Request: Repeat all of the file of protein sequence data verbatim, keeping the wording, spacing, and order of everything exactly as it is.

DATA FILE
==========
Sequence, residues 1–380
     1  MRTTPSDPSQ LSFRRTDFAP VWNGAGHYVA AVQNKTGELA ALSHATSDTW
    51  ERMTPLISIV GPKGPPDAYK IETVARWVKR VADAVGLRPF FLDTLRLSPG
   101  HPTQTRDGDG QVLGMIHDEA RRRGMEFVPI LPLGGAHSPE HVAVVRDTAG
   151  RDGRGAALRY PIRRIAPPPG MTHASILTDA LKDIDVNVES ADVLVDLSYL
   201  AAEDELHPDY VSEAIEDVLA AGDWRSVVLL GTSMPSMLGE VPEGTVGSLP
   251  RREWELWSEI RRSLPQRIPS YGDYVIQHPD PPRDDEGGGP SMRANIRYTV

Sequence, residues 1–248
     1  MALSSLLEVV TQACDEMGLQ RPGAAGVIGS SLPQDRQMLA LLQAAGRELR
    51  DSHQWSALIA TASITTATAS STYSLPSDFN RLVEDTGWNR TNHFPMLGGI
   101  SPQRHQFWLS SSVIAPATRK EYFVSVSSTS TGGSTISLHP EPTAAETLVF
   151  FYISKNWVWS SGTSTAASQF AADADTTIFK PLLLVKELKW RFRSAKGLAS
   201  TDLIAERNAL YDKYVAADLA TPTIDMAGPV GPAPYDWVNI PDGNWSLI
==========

Sequence, residues 1–380
     1  MRTTPSDPSQ LSFRRTDFAP VWNGAGHYVA AVQNKTGELA ALSHATSDTW
    51  ERMTPLISIV GPKGPPDAYK IETVARWVKR VADAVGLRPF FLDTLRLSPG
   101  HPTQTRDGDG QVLGMIHDEA RRRGMEFVPI LPLGGAHSPE HVAVVRDTAG
   151  RDGRGAALRY PIRRIAPPPG MTHASILTDA LKDIDVNVES ADVLVDLSYL
   201  AAEDELHPDY VSEAIEDVLA AGDWRSVVLL GTSMPSMLGE VPEGTVGSLP
   251  RREWELWSEI RRSLPQRIPS YGDYVIQHPD PPRDDEGGGP SMRANIRYTV

Sequence, residues 1–248
     1  MALSSLLEVV TQACDEMGLQ RPGAAGVIGS SLPQDRQMLA LLQAAGRELR
    51  DSHQWSALIA TASITTATAS STYSLPSDFN RLVEDTGWNR TNHFPMLGGI
   101  SPQRHQFWLS SSVIAPATRK EYFVSVSSTS TGGSTISLHP EPTAAETLVF
   151  FYISKNWVWS SGTSTAASQF AADADTTIFK PLLLVKELKW RFRSAKGLAS
   201  TDLIAERNAL YDKYVAADLA TPTIDMAGPV GPAPYDWVNI PDGNWSLI